Astronomy

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Previous Lessons
Open Chapter Ch. 1: A Modern View of the Universe
Lesson #1 The Scale of the Universe
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Lesson #2 The History of the Universe
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Lesson #3 Spaceship Earth
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Open Chapter Ch. 2: Discovering the Universe for Yourself
Lesson #4 Patterns in the Night Sky
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Lesson #5 The Reason for Seasons
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Lesson #6 The Moon, our Constant Companion
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Lesson #7 Ancient Mystery of the Planets
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Open Chapter Ch. 3: The Science of Astronomy
Lesson #8 The Ancient Roots of Science
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Lesson #9 Ancient Greek Science
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Lesson #10 The Copernican Revolution
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Lesson #11 The Nature of Science
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Open Chapter Ch. 4: Understanding Motion, Energy, and Gravity
Lesson #12 Describing Motion
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Lesson #13 Newton's Laws of Motion
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Lesson #14 Conservation Laws in Astronomy
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Lesson #15 The Force of Gravity
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Open Chapter Ch. 5: Light: The Cosmic Messenger
Lesson #16 Basic Properties of Light and Matter
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Lesson #17 Learning from Light
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Lesson #18 Collecting Light with Telescopes
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Exam Exam 1
Open Chapter Ch. 6: Formation of the Solar System
Lesson #19 A Brief Tour of the Solar System
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Lesson #20 The Nebular Theory of Solar System Formation
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Lesson #21 Explaining the Major Features of the Solar System
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Lesson #22 The Age of the Solar System
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Open Chapter Ch. 7: Earth and the Terrestrial Worlds
Lesson #23 Earth as a Planet
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Lesson #24 The Moon and Mercury: Geologically Dead
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Lesson #25 Mars, a Victim of Planetary Freeze Drying
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Lesson #26 Venus, a Hothouse World
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Lesson #27 Earth as a living planet
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Open Chapter Ch. 8: Jovian Planet Systems
Lesson #28 A Different Kind of Planet
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Lesson #29 A Wealth of Worlds: Satellites of Ice and Rock
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Open Chapter Ch. 9: Asteroids, Comets, and Dwarf Planets
Lesson #30 Classifying Small Bodies
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Lesson #31 Asteroids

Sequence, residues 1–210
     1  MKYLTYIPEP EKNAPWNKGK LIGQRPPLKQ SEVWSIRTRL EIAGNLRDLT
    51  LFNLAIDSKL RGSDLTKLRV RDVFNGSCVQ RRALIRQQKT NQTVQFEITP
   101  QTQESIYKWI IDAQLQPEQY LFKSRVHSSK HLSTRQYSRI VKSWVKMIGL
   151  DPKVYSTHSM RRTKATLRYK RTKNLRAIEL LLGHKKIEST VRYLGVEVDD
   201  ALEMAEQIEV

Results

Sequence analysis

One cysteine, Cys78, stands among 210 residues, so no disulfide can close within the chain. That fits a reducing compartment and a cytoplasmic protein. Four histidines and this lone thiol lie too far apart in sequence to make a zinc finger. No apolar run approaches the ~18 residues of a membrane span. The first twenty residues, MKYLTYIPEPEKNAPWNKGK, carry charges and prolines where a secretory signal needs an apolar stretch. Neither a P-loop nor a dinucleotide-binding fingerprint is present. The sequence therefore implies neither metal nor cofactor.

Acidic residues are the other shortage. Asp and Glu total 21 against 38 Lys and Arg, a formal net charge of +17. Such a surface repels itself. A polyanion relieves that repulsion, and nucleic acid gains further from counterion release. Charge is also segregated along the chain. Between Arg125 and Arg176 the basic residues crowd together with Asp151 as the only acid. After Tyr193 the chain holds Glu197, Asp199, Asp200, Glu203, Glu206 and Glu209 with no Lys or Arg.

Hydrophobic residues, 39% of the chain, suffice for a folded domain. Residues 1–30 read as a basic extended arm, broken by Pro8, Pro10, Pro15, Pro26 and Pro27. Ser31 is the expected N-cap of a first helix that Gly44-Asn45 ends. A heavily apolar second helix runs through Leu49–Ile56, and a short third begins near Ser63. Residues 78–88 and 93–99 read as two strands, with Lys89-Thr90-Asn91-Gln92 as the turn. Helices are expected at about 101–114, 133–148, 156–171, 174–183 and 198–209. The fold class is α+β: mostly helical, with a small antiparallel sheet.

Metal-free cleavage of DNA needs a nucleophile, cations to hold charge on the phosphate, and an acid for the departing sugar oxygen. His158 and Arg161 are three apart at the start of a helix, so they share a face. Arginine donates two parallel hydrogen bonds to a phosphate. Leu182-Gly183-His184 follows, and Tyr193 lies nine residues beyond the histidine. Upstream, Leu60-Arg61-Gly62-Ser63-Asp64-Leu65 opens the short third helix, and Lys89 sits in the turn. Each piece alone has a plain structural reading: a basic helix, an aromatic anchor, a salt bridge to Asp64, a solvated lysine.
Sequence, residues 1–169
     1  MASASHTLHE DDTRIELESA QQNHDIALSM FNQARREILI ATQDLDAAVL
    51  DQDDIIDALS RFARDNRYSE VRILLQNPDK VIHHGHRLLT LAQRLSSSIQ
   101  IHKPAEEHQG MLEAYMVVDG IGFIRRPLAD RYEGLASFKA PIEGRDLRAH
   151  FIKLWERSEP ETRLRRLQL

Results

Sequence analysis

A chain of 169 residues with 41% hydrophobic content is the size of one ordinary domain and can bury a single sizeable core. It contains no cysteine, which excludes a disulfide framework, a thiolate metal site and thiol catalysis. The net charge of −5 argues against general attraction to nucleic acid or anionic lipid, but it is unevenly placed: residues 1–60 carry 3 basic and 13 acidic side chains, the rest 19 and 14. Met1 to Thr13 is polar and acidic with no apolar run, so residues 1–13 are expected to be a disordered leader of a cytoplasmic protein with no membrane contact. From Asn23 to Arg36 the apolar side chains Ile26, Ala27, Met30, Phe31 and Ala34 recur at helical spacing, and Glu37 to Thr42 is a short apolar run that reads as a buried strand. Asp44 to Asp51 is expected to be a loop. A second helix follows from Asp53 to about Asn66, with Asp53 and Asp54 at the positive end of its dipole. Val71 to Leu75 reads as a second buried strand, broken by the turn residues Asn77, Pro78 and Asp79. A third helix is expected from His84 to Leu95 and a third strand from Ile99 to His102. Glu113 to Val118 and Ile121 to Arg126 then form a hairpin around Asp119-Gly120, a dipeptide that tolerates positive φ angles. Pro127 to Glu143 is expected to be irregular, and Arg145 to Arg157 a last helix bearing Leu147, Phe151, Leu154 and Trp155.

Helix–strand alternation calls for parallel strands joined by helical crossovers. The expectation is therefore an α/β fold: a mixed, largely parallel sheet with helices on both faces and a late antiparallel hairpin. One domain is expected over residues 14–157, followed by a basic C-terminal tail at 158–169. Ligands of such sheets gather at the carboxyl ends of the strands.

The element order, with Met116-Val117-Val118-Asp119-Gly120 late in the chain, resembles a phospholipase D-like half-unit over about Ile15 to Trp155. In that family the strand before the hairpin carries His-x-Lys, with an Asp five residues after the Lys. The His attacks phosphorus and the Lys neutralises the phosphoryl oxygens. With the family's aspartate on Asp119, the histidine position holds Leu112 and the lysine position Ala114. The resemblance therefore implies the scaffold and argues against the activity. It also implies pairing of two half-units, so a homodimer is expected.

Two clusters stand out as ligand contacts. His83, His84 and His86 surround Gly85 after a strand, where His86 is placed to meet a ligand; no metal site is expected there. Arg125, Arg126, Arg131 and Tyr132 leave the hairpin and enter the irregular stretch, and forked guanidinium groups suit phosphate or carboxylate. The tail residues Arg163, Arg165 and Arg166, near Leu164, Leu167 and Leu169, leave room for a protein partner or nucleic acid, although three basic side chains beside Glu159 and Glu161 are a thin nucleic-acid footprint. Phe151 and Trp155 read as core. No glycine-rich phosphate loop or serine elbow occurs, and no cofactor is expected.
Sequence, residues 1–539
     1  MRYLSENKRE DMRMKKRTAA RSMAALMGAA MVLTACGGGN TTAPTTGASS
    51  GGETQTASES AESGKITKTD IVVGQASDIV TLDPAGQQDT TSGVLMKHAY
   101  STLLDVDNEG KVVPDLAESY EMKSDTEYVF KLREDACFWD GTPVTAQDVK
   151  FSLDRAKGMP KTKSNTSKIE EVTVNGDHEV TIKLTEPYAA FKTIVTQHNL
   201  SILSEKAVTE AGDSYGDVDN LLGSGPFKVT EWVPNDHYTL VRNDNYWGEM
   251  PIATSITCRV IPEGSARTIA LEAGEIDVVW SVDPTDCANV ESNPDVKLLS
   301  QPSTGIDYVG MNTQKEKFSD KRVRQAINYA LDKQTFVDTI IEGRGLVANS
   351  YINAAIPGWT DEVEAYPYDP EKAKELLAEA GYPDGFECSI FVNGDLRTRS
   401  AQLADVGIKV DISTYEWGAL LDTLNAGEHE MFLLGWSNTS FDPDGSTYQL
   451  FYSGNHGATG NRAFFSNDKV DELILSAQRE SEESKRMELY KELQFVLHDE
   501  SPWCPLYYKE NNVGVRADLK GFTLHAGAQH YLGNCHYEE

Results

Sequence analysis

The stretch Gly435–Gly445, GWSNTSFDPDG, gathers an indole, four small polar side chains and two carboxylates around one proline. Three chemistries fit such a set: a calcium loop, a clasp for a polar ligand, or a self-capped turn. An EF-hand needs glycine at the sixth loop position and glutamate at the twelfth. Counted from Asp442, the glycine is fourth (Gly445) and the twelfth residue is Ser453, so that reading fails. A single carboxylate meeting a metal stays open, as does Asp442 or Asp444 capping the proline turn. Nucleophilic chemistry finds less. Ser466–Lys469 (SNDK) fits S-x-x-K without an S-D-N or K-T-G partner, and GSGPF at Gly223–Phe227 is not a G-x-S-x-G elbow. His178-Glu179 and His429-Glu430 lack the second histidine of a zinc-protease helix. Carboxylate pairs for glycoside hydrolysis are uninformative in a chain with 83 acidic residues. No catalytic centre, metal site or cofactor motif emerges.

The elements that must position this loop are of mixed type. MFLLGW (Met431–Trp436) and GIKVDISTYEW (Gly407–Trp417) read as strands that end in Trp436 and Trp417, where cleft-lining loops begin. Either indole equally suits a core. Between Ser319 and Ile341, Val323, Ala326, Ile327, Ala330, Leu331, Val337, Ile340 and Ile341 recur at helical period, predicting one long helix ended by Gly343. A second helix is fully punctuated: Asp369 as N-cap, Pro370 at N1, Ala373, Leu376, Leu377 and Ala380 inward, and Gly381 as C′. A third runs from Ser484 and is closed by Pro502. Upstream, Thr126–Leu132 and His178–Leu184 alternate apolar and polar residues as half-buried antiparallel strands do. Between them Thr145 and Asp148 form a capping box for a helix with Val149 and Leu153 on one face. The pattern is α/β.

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Lesson #32 Comets
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Lesson #33 Pluto and the Kuiper Belt
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Lesson #34 Cosmic Collisions - Small Bodies vs Planets
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Open Chapter Ch. 10: Other Planetary Systems
Lesson #35 Detecting Planets Around Other Stars
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Lesson #36 The Nature of Planets Around Other Stars
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Lesson #37 The Formation of Other Planetary Systems
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Exam Midterm Exam
Open Chapter Ch. 11: Our Star
Lesson #38 The Sun, Our Star
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Lesson #39 Nuclear Fusion in the Sun
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Lesson #40 Sun-Earth Connection
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Open Chapter Ch. 12: Surveying the Stars
Lesson #41 Properties of Stars
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Lesson #42 Patterns in the Stars
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Lesson #43 Star Clusters
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Open Chapter Ch. 13: Star Stuff
Lesson #44 Star Birth
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Lesson #45 Life as a Low Mass Star
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Lesson #46 Life as a High Mass Star
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Open Chapter Ch. 14: The Bizarre Stellar Graveyard
Lesson #47 White Dwarfs
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Lesson #48 Neutron Stars
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Lesson #49 Black Holes: Gravity’s Ultimate Victory
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Exam Exam 3
Open Chapter Ch. 15: Our Galaxy
Lesson #50 The Milky Way Revealed
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Lesson #51 Galactic Recycling
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Lesson #52 The History of the Milky Way
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Open Chapter Ch. 16: A Universe of Galaxies
Lesson #53 Islands of Stars
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Lesson #54 Distances of Galaxies
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Lesson #55 Galaxy Evolution
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Lesson #56 The Role of Supermassive Black Holes
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Open Chapter Ch. 17: The Birth of the Universe
Lesson #57 The Big Bang Theory
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Lesson #58 Evidence for the Big Bang